October 16, 2020 4 min read
Last updated: 10/23/2020
Pronation is the act of turning the palm of your hand or sole of your foot downward. For your feet, a simple way of thinking about pronation is how your foot rolls inward and the arch collapses. There are three main movement’s which take place simultaneously as the foot pronates: these movements involve the arch, the leg bones (tibia and fibula), and the forefoot (metatarsal rays). This particular sequence of movements can be a benefit or disadvantage for your body.
People often say they have flat feet or high arches.; however, a startling number of people end up describing their foot incorrectly. They assume that since they walk on the outside of their shoes they must supinate (roll to the outside). This is often wrong since the standard gait of an average person lands with their feet pointed outwards at approximately 7 degrees between heel contact, foot flat, and into midstance. This can have a big affect on whether a shoe ends up being comfortable or not. Below you can see an image of the average gait cycle.
The good quality is your body absorbs the impact force as your foot hits the floor. In addition, the arch adapts to the surface you are walking on in order to maintain balance and reduce the shock as you move.
The potential negative is what your body does afterwards. Does your foot continue to over-pronate and affect the alignment throughout the rest of your body? This can play a role in injuries or conditions like plantar fasciitis and bone spurs, as well as knee, hip, and back pain. Over pronation can also lead to difficulties propelling ourselves forward since the foot is in a more unlocked or flexible position.
Pronation is three different movements occurring simultaneously in the foot. The arch will collapse inward, the tibia and fibula will rotate towards the middle of your body, and the forefoot rotates away from the body. You can see this illustrated below.
This movement is the tibia and fibula rotating inward. This rotation can add extra stress along the shin, Achilles, ankle, knee, and hip.
When the arch collapses, this is the main function that allows the body to absorb shock. This movement unlocks the foot, enabling it to adapt to the surface you are moving on. It allows the foot to be more flexible. This position can also add extra stress and stretch along the plantar fascia. When the arch collapses, the heel changes its position simultaneously, which is called eversion.
As the arch collapses, the forefoot moves away from the middle of the body. This can put extra stress on the bunion, nerves, and toes of the foot. Often when people over-pronate, they push off the side of the big toe instead of through it, resulting in callousing on the side of the big toe. The toe off part of the gait cycle can have further complications if there is limited range of motion in the big toe, known as hallux limitus or rigidus.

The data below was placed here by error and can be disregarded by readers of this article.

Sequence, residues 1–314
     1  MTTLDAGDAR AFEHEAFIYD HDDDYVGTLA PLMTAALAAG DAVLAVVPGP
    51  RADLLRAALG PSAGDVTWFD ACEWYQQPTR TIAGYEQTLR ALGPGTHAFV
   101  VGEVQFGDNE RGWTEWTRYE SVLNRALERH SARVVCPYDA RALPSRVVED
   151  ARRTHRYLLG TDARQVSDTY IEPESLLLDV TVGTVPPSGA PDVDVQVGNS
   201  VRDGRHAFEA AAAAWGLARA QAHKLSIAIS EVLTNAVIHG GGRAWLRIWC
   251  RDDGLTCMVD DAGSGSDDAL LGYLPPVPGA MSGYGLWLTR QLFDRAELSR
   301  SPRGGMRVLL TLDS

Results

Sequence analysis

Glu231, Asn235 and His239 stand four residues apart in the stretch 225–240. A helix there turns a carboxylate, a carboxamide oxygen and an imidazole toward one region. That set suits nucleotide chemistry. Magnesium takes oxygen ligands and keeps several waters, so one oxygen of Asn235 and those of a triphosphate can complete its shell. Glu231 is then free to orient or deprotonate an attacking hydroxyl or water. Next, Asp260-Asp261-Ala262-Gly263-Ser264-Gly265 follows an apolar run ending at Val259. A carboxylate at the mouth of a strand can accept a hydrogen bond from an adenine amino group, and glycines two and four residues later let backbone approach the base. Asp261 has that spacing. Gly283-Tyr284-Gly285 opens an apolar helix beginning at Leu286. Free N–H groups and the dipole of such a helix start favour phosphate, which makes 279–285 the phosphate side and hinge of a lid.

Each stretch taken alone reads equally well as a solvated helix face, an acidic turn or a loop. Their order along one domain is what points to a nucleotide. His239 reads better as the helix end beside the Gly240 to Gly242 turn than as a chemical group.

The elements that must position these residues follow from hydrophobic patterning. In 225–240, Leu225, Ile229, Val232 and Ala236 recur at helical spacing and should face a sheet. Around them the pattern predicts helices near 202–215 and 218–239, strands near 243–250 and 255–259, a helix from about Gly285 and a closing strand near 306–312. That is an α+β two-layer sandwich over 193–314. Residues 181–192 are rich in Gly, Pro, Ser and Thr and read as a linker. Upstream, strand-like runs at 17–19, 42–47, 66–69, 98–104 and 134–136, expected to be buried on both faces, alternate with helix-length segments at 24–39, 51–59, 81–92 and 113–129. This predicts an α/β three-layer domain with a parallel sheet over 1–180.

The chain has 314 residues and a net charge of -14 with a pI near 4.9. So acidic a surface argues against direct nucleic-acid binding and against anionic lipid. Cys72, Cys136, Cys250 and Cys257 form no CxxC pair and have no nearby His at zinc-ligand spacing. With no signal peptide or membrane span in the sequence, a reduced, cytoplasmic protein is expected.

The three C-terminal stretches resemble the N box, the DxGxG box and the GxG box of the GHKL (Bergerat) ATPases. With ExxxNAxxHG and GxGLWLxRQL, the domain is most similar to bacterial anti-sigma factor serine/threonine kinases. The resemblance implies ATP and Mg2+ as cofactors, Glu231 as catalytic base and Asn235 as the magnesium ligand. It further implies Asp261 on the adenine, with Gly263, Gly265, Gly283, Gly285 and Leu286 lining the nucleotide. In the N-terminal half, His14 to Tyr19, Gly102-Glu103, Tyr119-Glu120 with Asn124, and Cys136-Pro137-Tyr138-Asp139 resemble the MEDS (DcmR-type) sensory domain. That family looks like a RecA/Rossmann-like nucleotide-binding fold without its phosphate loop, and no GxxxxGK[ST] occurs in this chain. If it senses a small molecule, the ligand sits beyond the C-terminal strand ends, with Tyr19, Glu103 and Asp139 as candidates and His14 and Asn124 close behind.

The level of pronation for an individual can vary significantly, thus it is important for the person helping you to be aware of this in order to guide you to the right types of shoes. You should always consult with a medical professional for more information.
The type of activity and makeup of an individual can greatly affect the type of shoes recommended. As a general rule, when fitting a pronated foot, we need to take into account the three different movements. A shoe that provides the right type of arch support will often correct some of the rotation issues and reduce potential pain.
The right type of shoe or insole can greatly reduce the amount of pronation which may prevent or alleviate the pain symptoms you may be experiencing. Most people believe they need a ‘soft’ shoe, and in some cases that is correct. The interesting thing to consider about pronation is you don’t always need a soft cushioned shoe. Sometimes, depending on the severity, a firm shoe can be a much better option for a pronated foot to provide the structure that the foot is unable to maintain.
Since a pronating foot already absorbs impact better, a firmer contoured arch support could be the best course of action. For running shoes (with the exception of minimalistic footwear) stability models tend to be better. Most running brands like New Balance, Brooks, Hoka, On Running, and Under Armour offer a stability style to provide structure for a pronated foot.
Some specific models would be
New Balance 860, 940, 1540.
Brooks Adrenaline, Transcend, Addiction.
Hoka Gaviota and Arahi.
Outside of running shoes, casual and dress shoes don't typically design footwear based on pronation or supination. You then need to take into account how high the arch is in the shoe and if it is a good match for the level of pronation you may experience. However, Dansko, Vionic, Taos, Naot, Birkenstock, along with a wide variety of other brands offer arch support in their shoes. There are also insoles from Powerstep and Aetrex which can be used in a variety of shoes. At Roderer Shoe Center, we have knowledgeable fit specialists to guide you to the best shoe for you.